Two years have passed since Alfred the Great successfully defeated Guthrum, King of the Vikings.
The fair land of England is at peace. That is, until the harmony is threatened by Guthrum’s angry, vengeful, illegitimate son, Rigr, who is hell-bent on usurping his father’s throne.
Rigr demands his Birthright – an acknowledgement that he is the sole heir to the Danelaw, but his father refuses his claim. Rigr assembles his army; a motley, but formidable, cohort of disenchanted warriors.
Fearsome Guthrum, ruler of everything from Kent to Northumbria, is made aware of the threat and conjures his forces, meeting the rebellious host on the field at Thetford.
Thousands upon thousands of bloodthirsty warriors confront each other on the sunlit, windless plains of East Anglia. The victors will rewrite the course of history, and the fate of England is in the hands of the gods of war.
The author has rated this book PG-13 (questionable content for children under 13).
The opulent night sky was ablaze with sparkling stars, the familiar constellations easily identified by their various shapes and sizes. The North Star was fixed in the heavens, its light steady, a beacon to follow as one headed home.
The falling star’s path was seen for miles as the brilliant white streak of light moved across the evening sky. There were those who believed the gods were angry and feared the worst, but those who followed the new religion did not believe in superstition and omens, and they often searched for the uncommon metal left at the bottom of the crater after the star had collided with the earth. A sword forged from the heavenly remnants proved to be a formidable weapon, and plated armor and shields made from the rare material were thought to be impenetrable.
A slight chill and rising mist created an eerie atmosphere around the Keep sitting atop the hill as a dense fog crept slowly over the valley below the magnificent fortress. Most of the inhabitants traded the wooden benches in the great hall for the comfort of their fur-covered beds while dying embers cast a warm glow for the young couples that still lingered beneath the cloudless sky.
Aurelius walked throughout the valley once the sun set. He conferred with his men who guarded the secret entrance that kept the sanctuary safe from the heathen who still plundered and pillaged the land. But he willingly traded the camaraderie he shared with his brothers in arms for the love bestowed upon a husband by his wife. Aurelius crossed the courtyard, heading for the Keep. He gazed upon the open sea as moonbeams bounced along the rippling waves while looking across the starlit heavens in search of the North Star.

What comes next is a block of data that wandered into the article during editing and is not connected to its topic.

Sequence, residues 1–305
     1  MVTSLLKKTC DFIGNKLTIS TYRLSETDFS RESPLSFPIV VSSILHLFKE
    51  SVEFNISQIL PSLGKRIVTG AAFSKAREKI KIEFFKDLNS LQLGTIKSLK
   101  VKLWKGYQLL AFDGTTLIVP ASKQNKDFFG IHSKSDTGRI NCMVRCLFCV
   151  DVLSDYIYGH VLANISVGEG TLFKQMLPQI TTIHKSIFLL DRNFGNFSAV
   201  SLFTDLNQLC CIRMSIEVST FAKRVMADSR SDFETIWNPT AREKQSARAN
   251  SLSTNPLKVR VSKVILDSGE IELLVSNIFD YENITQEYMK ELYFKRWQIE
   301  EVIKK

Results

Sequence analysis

Arista added more wood to the dying fire before covering her children with a warm blanket. She grabbed a cloak to keep the night chill from penetrating her bones and left the room quietly to join her husband.
“Are the children sleeping?” Aurelius questioned.
Arista nodded as Aurelius tenderly kissed her scarred face and held her tightly in his arms. She no longer hid behind a veil, nor did she shy away from her husband’s touch. Arista was apprehensive when she rested her head against his shoulder, and trembled when she saw the falling star disappear into the darkness of the surrounding mountains.
“Perhaps this night your star will return your memory. Would you want me still once you remember?”
“How could I not want you? I owe you my life.”
“One day the star will take you from me and our children. It beckons you to return to your world.”
Aurelius held her tightly while silently watching the flaming celestial bodies race across the horizon.
*** Elizabeth found her brother, Cerdic, with Lord Bayen, atop the wall-walk. She was thankful for their love and support during the difficult months after word reached the citadel that the King’s envoy to the Welsh court had been attacked. She clearly remembered the day when the horse that carried the young boy dropped dead before Lord Bayen and Thomas, Lord Richard’s advisor. She recalled her anxiety when the lad informed them of the carnage, and her fear when he spoke of the dead and gravely wounded. She did not deny her husband had vanished, what she did deny was the presumption that he had been slain.
Tears swelled when she remembered how Lord Bayen and her brother never left her side during her long and difficult birthing, and their concern when she cried out Stephen’s name and begged to die. She recalled the healer’s fright when she pointed to the Lord’s angel who, she swore, stood before her, and their obvious relief, when the boy that she named Gabriel finally entered the world. Elizabeth was thankful for their King’s benevolence when he pardoned her brother. She was also grateful to Bishop Thurlac when he granted Cerdic a full dispensation to leave the contemplative cloistered life for other worldly pursuits.
Elizabeth could never repay Lord Bayen for his kindness and protection. She was aware, as were most, of his undying love and devotion. She was appreciative of Lord Bayen’s friendship, but she kept praying that, one day, he would be able to love another. The men silently watched the bright colorful fireballs raining upon the earth. Elizabeth did not pay attention to the brilliant particles that lit the evening sky, but kept her sight upon the steady, dim light of the North Star, transfixed in its position.
“Do you think Stephen gazes upon our star, this night?” she asked her brother.
“It has been more than two summers, yet you still keep your vigil,” Cerdic gently said.
“My heart knows that he lives, and, one day, he will return to me and our son.”
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